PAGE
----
I am then going to grab my Selection tool -- and I am going to blow it up pretty big, so you can see it. Now when I get close to this type, you can see here that I don't actually have to be on the type to click on it, and select it. However, if I have that option turned on that I was just talking about -- I have to go to Edit > Preferences > Type, and I turn on Type Object Selection by Path Only, and hit OK -- you'll notice, now, that I actually have to be really close to the type in order to select it; I actually have to click on the path that it lives on. This is the path that it lives on; this little baseline looking thing at the bottom.

So in order to select this type, I have to click right here. If you don't like that, you can go back into Preferences, and turn that off. Again, that's Edit > Preferences, and then going back to Type. For this particular chapter, I am going to turn this off, although when I am normally working inside of Illustrator, I do have this turned on. You can also choose to Show Font Names in English; Show Asian Options if you need to. Number of Recent Fonts; this is a big one. If you're working with a lot of different fonts, you might want to up this number a little bit. However, if you only work with a set core of fonts -- let's say, you have one or two big clients, and they both use just three or four fonts -- you can actually back down the number of recently used fonts to suit your needs.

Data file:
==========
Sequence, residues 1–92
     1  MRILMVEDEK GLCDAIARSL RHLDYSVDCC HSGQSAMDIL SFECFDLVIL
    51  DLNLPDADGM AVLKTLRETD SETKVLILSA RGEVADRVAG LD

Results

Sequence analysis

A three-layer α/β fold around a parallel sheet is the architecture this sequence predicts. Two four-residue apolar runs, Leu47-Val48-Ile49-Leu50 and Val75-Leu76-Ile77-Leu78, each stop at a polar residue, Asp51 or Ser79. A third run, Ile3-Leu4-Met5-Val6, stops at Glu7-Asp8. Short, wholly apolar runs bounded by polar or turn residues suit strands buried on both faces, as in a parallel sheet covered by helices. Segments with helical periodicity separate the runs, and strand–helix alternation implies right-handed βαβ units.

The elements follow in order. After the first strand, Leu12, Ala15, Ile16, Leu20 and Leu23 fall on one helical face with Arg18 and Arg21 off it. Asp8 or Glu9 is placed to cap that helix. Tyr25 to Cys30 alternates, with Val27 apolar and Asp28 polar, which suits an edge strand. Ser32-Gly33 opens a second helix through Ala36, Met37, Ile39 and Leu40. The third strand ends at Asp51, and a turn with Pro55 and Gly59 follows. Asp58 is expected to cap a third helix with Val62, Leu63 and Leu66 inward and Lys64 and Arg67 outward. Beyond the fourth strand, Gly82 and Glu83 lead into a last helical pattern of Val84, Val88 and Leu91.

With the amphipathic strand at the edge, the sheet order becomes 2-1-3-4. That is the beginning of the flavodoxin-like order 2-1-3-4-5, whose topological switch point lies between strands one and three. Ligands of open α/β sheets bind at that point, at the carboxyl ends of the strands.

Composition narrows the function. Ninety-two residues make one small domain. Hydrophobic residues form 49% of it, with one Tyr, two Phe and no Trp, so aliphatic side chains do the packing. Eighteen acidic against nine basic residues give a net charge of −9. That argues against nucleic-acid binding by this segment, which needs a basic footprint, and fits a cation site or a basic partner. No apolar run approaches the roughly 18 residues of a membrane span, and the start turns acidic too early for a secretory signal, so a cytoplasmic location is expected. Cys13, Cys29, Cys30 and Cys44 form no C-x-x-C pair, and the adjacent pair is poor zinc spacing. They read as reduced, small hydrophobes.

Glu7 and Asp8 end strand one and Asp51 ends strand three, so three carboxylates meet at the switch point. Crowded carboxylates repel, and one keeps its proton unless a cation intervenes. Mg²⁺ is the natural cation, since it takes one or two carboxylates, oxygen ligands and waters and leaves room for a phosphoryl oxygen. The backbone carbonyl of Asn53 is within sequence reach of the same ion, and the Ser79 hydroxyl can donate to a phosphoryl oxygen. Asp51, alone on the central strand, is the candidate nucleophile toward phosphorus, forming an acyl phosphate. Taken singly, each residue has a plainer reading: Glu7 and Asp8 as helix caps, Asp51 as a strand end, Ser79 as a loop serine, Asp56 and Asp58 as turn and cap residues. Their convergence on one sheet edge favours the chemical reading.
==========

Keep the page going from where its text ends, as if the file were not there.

The recently used fonts are going to pop up in the Font menu when you're selecting fonts to let you know of ones that you've recently been using. This is extremely helpful, because it allows you to get to the fonts you use most often, very quickly, without having to scroll through the entire list. The last Type setting that is really important to me is Font Preview. By default, it's set to Medium, but some people actually like to put it on Small. Let me show you the differences between all three settings here. Let's leave it on Small, and hit OK. When I go to change the font of this, I could go up to the Control panel, and click, but I don't get a representation of what the fonts look like in the Control panel.